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University to Target Men With HPV Vaccine

University to Target Men With HPV Vaccine

The health center at the University of Maryland, College Park, plans to take part in a national campaign to promote the Gardasil human papillomavirus vaccine to young men.

The Food and Drug Administration approved the use of Merck & Co.'s Gardasil in in October 2009 for males ages 9 to 26 to prevent genital warts caused by HPV types 6 and 11. Most Gardasil advertising to date has targeted women because it also prevents the two HPV types linked to 70% of cervical cancer cases.

"The biggest misconception about Gardasil is that it is only for women and that it is only for preventing cervical cancer," said Alli Matson, the center's sexual health programs coordinator. "Obviously if you do not have a cervix, you are not going to think that this applies to you."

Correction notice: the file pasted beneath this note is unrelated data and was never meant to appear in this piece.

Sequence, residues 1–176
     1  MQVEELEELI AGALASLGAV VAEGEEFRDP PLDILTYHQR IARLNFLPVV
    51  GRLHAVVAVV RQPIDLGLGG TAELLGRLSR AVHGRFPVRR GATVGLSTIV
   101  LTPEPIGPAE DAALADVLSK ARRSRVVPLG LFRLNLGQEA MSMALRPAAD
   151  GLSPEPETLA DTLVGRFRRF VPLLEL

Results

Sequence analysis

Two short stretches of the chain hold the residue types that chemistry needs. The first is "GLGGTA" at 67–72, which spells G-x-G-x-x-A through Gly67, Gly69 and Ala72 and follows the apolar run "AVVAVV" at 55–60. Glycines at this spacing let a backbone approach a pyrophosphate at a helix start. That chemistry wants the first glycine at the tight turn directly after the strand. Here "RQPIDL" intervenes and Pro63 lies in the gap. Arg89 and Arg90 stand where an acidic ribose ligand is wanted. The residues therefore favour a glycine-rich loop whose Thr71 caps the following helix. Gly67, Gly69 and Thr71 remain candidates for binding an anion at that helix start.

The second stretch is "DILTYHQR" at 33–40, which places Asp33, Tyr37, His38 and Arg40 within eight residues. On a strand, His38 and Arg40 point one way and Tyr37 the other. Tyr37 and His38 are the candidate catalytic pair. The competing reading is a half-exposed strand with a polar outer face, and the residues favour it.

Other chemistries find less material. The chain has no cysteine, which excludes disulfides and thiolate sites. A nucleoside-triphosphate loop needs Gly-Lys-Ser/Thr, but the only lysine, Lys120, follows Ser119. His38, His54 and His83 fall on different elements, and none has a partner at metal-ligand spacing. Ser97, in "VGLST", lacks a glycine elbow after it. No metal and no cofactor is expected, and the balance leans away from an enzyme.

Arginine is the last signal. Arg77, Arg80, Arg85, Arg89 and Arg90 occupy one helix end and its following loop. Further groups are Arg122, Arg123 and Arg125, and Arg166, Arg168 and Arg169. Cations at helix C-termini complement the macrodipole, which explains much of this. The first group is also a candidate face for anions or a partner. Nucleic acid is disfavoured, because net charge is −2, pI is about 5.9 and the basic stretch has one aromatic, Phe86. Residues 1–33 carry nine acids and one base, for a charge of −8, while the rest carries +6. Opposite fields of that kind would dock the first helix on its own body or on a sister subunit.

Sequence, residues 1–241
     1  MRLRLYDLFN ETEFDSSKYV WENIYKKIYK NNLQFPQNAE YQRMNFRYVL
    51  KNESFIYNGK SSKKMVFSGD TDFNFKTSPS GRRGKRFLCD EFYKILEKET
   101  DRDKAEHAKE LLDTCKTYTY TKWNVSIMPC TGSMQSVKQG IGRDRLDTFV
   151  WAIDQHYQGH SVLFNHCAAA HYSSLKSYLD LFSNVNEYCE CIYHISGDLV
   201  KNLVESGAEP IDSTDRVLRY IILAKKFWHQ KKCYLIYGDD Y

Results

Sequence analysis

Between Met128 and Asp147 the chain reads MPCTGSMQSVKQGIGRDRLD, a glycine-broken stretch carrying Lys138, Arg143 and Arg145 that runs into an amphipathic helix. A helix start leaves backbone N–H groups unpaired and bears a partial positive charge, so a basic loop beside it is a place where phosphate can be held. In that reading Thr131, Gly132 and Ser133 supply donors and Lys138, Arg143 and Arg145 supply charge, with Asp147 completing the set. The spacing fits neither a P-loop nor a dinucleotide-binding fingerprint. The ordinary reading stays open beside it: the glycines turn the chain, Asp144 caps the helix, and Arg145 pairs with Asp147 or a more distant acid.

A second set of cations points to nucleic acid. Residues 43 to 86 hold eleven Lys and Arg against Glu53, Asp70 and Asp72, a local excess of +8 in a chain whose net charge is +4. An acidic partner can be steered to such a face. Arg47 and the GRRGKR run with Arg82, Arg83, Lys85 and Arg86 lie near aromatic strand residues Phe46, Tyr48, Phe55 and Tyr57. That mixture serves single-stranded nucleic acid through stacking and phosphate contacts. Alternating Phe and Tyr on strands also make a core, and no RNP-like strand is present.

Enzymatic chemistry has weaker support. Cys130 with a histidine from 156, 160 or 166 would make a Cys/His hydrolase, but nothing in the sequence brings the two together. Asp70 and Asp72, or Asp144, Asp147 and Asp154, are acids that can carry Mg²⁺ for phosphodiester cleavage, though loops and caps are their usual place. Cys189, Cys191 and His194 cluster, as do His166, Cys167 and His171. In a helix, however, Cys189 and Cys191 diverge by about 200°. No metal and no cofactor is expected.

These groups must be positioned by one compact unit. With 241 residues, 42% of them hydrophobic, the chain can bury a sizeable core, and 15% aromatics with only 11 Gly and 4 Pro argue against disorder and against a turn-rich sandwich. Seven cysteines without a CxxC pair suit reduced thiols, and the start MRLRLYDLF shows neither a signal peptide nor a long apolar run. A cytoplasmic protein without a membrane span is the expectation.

"I've never heard that it's for men," said Dale Kim, a freshman studying general business and management. "The whole commercial has only women in it."

"I personally think that they should advertise that they have the vaccine for men but also include some of the negative effects of it because there are a lot of controversies surrounding [Gardasil]," said Aman Chopra, a freshman.

Once national advertising to males begins and further data on Gardasil's effect among men are published, the health center will focus more on promoting the vaccine to men. The center offers the three-shot series for $450, which is covered by the university's health plan and most others, Matson said.

"We are going to do what we can to make sure that [the vaccine] is available," Matson said.

Headache, fever, and pain at the injection site, itching, redness, swelling, and bruising were the most common Gardasil side effects observed, according to FDA.

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